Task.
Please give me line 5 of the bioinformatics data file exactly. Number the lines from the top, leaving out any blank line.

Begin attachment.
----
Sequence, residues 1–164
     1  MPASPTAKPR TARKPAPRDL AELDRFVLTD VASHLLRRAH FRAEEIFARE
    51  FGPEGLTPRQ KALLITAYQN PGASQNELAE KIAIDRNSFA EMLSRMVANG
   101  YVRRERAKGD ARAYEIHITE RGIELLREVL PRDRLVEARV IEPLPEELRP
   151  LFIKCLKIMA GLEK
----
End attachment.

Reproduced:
   151  LFIKCLKIMA GLEK